Shelby County, Alabama was covered by §4(b) of the Voting Rights Act of 1965 (“the Act”). Plaintiff challenged both § 4(b) and § 5 of the Act as unconstitutional on its face.
The coverage formula found in Section 4(b) of the Act is unconstitutional because it was based on data over 40 years old, making it no longer responsive to current needs and thus an impermissible burden on the constitutional principles of federalism.
The Voting Rights Act of 1965 (the “Act”) was enacted as a response to the nearly century-long history of voting discrimination. Section 5 prohibits eligible districts from enacting changes to their election laws and procedures without gaining official authorization. Section 4(b) defines the eligible districts as ones that had a voting test in place as of November 1, 1964 and less than 50% turnout for the 1964 presidential election. Such districts must prove to the Attorney General or a three-judge panel of a Washington, D.C. district court that the change “neither has the purpose nor will have the effect” of negatively impacting any individual’s right to vote based on race or minority status. Section 5 was originally enacted for five years, but has been continually renewed since that time.
Shelby County, Alabama, filed suit in district court, seeking both a declaratory judgment that Section 5 and Section 4(b) are unconstitutional and a permanent injunction against their enforcement.
Does the renewal of Section 5 of the Act under the constraints of Section 4(b) exceed Congress’ authority under the Constitution?
Yes, the renewal of Section 5 of the Act under the constraints of Section 4(b) exceeds Congress’ authority under the Constitution.
A study of lawsuits in covered and noncovered jurisdictions indicated that racial discrimination in voting remains concentrated in the jurisdictions singled out for preclearance. Moreover, the evidence before Congress indicated that voting in covered jurisdictions was more racially polarized than elsewhere in the country–yet, the Court did not even deign to grapple with the legislative record.
In 2008, for example, the city of Calera, located in Shelby County, requested preclearance of a redistricting plan that would’ve eliminated the city’s sole majority-black district, which had been created pursuant to the consent decree. Although the DOJ objected to the plan, Calera forged ahead with elections based on the unprecleared voting changes, resulting in the defeat of the incumbent African-American councilman who represented the former majority-black district. The city’s defiance required the DOJ to bring a Section 5 enforcement action that ultimately yielded appropriate redress, including restoration of the majority-black district. These and other recent episodes forcefully demonstrate that Section 5’s preclearance requirement is constitutional as applied to Alabama and its political subdivisions. This conclusion should suffice to resolve this case.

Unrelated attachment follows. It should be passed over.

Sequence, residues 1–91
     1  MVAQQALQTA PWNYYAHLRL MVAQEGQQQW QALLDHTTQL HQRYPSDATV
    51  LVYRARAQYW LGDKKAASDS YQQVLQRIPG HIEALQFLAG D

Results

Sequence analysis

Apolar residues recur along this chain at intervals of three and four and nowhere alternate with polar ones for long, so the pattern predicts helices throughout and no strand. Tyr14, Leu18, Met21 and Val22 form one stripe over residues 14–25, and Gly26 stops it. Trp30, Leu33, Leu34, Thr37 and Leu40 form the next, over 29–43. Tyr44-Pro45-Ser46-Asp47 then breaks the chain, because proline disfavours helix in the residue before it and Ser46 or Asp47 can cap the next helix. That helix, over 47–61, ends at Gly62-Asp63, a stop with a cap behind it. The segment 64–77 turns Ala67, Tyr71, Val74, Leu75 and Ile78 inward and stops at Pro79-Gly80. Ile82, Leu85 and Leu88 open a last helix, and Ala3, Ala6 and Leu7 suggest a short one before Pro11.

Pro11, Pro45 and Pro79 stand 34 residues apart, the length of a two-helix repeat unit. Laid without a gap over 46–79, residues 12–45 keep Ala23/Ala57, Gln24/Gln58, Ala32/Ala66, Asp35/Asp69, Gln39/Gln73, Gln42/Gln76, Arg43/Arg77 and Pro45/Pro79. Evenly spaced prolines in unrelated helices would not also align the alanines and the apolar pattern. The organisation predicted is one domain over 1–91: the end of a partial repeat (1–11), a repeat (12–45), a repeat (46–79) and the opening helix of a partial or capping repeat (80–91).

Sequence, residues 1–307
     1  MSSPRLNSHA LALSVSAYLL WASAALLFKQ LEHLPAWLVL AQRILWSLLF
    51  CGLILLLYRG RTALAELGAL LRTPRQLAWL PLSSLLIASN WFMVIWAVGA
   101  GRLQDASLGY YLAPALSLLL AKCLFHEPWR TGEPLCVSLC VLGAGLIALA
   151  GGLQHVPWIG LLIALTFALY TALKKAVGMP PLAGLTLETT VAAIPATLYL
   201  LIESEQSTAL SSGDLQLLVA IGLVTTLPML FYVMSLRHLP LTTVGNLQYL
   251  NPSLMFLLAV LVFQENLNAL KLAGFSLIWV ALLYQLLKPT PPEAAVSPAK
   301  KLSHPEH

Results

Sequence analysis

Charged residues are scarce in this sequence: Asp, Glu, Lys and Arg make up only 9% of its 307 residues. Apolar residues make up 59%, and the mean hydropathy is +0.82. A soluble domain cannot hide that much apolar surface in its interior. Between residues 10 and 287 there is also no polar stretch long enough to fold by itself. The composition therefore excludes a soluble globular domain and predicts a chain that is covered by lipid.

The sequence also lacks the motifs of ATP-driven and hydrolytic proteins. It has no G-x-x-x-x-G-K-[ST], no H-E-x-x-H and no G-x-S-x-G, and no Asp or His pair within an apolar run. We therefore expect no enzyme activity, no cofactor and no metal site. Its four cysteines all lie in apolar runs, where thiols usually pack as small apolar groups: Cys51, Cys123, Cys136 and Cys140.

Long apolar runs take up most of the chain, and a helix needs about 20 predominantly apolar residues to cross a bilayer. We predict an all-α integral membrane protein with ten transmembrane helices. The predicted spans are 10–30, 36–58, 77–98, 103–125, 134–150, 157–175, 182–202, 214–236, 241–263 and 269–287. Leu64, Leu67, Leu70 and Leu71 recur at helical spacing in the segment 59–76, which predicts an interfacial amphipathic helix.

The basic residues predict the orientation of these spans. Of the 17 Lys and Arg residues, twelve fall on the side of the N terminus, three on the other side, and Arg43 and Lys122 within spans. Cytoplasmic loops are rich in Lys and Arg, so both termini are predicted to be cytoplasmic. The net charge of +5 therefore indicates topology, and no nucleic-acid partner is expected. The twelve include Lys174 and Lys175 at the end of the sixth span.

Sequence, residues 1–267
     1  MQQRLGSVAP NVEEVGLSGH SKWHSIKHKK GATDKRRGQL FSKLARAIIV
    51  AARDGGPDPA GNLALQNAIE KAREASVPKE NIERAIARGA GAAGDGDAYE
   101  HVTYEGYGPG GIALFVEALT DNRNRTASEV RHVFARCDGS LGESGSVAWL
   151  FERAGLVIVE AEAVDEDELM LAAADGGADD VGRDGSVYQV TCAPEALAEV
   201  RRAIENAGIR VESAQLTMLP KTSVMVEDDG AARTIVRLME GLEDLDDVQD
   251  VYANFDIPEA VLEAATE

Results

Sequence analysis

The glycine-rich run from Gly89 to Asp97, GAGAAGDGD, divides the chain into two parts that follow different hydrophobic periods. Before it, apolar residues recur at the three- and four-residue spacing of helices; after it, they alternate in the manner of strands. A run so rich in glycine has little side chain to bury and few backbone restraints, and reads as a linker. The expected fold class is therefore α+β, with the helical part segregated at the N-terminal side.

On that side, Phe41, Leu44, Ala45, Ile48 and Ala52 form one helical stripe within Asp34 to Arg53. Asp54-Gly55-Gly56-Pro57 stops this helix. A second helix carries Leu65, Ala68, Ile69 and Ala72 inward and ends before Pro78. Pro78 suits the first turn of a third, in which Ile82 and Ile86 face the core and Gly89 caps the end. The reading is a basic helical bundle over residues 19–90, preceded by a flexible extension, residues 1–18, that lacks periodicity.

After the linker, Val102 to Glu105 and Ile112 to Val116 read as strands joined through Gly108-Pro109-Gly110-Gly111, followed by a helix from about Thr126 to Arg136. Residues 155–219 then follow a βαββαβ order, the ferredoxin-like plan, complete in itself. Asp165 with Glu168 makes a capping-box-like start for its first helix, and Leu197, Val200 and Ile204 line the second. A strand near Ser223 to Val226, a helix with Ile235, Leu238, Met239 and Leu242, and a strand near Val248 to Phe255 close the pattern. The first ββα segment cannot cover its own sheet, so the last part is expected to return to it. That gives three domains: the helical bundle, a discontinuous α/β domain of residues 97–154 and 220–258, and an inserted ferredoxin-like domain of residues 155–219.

Section 4 of the Act is unconstitutional. The Act imposes current burdens that are no longer responsive to the current state of affairs in the voting districts in question. Although the constraints this section places on specific states made sense in the 1960s and 1970s in areas where voting discrimination had been most flagrant, they no longer make sense and now represent an unconstitutional violation of the power to regulate elections that the Constitution reserves for the states. The Court also held that the formula for determining whether changes to a state’s voting procedure should be federally reviewed is now outdated and does not reflect the changes that have occurred in the last 50 years in narrowing the voting turnout gap in the states in question. Nearly 50 years later, things have changed dramatically – in the covered jurisdictions, voter turnout and registration rates now approach parity and blatantly discriminatory evasion of federal decrees are rare.
Thus, the coverage formula in Section 4 of the Act is unconstitutional. However, Congress may draft another formula based on current conditions. Such a formula is an initial prerequisite to a determination that exceptional conditions still exist justifying an extraordinary departure from the traditional course of relations between the states and the federal government.